ALL-USA Watch: Burnsville's Sam Carlson may be best Minnesota prospect since Joe Mauer

Photo: Eric Carlson

Burnsville, Minn., pitcher Sam Carlson has made himself into a likely first-round choice in the June Major League Baseball amateur draft. (Photo: Eric Carlson).

If there’s any justice in this world, a National League team will draft Burnsville (Minn.) pitcher Sam Carlson.

Carlson, a senior who throws a fastball that usually runs between 94-96 mph, has climbed up the major league draft board. The right-hander’s future is clearly on the mound. Through 34 innings, he’s 3-1 with 68 strikeouts and a 0.41 earned run average.

RELATED: ALL-USA watch: Drew Waters helps Etowah reach state finals

However, the Florida signee is also making noise at the plate. Through 50 at-bats, he’s hitting .540 with six homers and 20 RBI. On Monday, he hit back-to-back two-run homers to lead the Blaze to a 4-3 defeat of Farmington in his team’s final regular-season game.

“When he steps up to the plate at 6-4 and 210 pounds, he’s got this big-old bubble butt from starting his squat workouts,” Burnsville coach Mick Scholl said. “One thing that has propelled him to the next level is his offseason commitment to making himself stronger and bigger. …

“If you look at him, from his upper body, he looks like a basketball player, but his lower body looks like a football player. There have been a couple kids in our program who have scared me every time I throw BP and he’s one of them. The ball comes off his bat so fast and I’ve seen him hit two home runs well over 400 feet. He hit a grand slam the other night into the wind.”

Despite his hitting prowess, Carlson knows swinging a bat is not going to be his meal ticket.

“Whoever takes me (in the draft) takes me,” Carlson said. “My future is on the mound and that’s what I focus on. I’m trying to have fun with the bat this year. I was fortunate to put two out the other day and I love hitting.”

Scholl said there might be a connection between Carlson’s effectiveness at the plate and on the mound.

“You can’t tell between his fastball and his change-up, because his change-up has so much movement on it,” Scholl said. “His curveball or slider is the one he’s worked on the most during the offseason because everyone is calling it a below-average pitch.

“There’s a correlation between his hitting and his pitching, When he keeps his front shoulder in, he just snaps that (slider) off and the same thing with his hitting. When that front shoulder is quiet, the ball just explodes off his bat.”

Carlson may be the best prospect to come along in Minnesota since Joe Mauer, who was the ALL-USA Player of the Year in football and baseball his senior year at Cretin-Derham Hall (St. Paul) in the 2000-01 school year.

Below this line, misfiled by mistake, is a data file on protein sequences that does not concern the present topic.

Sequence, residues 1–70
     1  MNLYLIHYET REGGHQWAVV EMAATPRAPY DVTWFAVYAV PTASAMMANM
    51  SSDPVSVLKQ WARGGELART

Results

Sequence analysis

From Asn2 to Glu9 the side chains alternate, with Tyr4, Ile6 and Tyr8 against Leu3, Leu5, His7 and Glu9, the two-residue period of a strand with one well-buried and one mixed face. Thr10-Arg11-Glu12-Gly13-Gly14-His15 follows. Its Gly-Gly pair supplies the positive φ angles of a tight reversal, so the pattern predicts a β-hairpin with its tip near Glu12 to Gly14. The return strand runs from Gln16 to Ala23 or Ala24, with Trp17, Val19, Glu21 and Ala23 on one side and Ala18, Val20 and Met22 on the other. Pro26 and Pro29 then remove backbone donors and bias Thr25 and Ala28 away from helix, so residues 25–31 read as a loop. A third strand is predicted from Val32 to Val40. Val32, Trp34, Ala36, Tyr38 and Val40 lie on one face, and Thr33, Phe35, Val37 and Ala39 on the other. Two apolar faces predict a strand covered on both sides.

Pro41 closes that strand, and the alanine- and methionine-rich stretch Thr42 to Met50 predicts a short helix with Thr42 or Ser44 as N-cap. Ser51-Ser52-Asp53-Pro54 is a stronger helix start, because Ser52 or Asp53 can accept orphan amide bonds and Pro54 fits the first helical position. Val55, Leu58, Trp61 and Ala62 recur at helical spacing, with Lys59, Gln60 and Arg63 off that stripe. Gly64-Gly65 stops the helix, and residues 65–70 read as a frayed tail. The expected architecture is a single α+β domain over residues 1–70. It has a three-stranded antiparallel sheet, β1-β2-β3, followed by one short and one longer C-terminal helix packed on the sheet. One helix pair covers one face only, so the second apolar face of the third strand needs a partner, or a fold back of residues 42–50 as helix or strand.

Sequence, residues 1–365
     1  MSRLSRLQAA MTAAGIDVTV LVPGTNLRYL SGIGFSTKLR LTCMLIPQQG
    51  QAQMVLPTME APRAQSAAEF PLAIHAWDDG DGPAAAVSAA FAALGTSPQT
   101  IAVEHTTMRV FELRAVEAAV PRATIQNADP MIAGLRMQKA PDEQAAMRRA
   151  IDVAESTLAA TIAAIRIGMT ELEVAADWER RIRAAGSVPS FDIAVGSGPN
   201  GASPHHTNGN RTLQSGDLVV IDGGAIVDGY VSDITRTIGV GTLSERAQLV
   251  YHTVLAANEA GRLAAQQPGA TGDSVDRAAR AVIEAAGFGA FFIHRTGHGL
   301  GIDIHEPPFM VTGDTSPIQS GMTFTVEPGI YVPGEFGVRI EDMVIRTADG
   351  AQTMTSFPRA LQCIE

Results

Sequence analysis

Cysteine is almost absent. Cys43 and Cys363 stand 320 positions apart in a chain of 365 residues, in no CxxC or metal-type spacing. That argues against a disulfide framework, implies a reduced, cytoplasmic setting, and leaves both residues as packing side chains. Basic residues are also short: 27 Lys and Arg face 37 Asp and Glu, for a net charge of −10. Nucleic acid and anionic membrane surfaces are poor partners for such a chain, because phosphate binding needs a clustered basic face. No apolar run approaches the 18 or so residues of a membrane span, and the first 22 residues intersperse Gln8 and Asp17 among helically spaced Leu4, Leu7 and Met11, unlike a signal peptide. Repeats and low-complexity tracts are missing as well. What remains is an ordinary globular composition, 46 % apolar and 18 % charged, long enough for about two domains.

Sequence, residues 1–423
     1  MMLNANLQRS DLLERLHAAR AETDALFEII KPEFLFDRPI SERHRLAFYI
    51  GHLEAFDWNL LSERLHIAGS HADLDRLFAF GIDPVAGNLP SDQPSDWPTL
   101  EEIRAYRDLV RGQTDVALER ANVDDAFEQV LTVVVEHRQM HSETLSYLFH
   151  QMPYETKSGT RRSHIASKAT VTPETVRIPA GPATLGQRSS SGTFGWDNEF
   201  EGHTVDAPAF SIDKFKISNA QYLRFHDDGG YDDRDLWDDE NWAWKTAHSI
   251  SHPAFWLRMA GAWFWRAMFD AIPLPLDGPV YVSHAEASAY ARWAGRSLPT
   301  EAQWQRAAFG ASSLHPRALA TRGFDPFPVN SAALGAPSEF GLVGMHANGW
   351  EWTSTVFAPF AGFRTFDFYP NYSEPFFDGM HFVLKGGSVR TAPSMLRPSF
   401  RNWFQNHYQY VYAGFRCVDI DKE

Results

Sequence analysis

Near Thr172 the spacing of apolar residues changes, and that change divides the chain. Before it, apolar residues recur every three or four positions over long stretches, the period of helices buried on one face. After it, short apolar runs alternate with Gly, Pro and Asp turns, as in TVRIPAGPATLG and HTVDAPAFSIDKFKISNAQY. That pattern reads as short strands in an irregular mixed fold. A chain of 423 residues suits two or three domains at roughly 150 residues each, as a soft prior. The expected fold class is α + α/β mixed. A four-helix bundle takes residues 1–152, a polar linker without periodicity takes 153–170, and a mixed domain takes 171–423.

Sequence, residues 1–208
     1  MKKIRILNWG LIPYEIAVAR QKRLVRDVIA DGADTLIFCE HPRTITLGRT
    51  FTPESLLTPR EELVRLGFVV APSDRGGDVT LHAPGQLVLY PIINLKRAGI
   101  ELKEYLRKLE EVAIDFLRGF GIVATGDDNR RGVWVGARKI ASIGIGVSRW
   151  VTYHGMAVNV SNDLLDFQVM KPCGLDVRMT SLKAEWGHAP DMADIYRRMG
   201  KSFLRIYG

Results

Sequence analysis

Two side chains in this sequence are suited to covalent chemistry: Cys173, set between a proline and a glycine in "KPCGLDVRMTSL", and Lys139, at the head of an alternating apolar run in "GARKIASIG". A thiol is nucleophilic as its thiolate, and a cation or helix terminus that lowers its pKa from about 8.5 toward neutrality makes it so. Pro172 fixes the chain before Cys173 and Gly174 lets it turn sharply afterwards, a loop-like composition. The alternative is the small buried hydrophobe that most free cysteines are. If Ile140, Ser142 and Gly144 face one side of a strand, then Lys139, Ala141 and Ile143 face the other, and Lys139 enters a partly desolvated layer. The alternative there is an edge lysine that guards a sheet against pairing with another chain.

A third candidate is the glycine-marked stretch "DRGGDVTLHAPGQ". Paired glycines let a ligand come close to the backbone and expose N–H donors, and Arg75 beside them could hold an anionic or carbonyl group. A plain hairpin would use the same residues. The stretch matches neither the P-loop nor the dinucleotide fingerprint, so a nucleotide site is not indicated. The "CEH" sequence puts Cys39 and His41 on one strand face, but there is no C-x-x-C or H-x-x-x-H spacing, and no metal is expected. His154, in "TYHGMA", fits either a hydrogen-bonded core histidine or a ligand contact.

Carlson said the comparison to Mauer is flattering but hardly accurate.

“The first time I heard (the comparison), it was pretty cool, but I try not to worry about it because I have to go out there and prove myself,” Carlson said. “If you get too caught up in that stuff, it will get to you. It’s not something that motivates me more or makes me feel like I have shoes to fill. I’m me. I’m a totally different player than he is.”

Carlson first started getting attention from pro scouts last season.

“He got invited to a national tryout right before his junior year,” Scholl said. “He threw in the low-90s at that time. We had a kid called Nick Hanson (from Prior Lake [Savage] in our conference who was drafted (in the third -round by the Cincinnati Reds last June). We faced them and Sam outpitched him and all those scouts were around. Sam was between 92 and 93 mph and Nick was hitting 94-95, but Sam had better control and a better outing. That really propelled him to the next level and then they started to follow him in the playoffs and the state tournament and then he had all the USA Baseball tryouts and he continued to work.”

While Carlson quickly became used to seeing scouts at his games this season, it might have taken his teammates a while to get used to the extra attention.

“We started off playing with a little tightness because we had so many scouts around,” Scholl said. “I think our kids tried to do too much too soon and do more than what they could do. Now it is second nature to them. Now they see anywhere from 15 to 40 people out there. Now, they realize that Sam is unique and they just have to have fun.”

As good as Carlson is, his younger brother Max, a 6-foot sophomore pitcher-outfielder, might be even better some day.

“This season has been really fun,” Carlson said. “Coming into this season I knew he would be on the varsity. I just knew he had to prove himself to our coach. I knew he had the abilities and he’s proven himself to be an everyday player. He trains with me in the offseason and we go to practices together.

“It’s a pretty cool thing, being able to spend all my time with him. I’m just trying to pave the way so he learns every lesson quicker than I learned it. I feel like it is my job as a big brother.”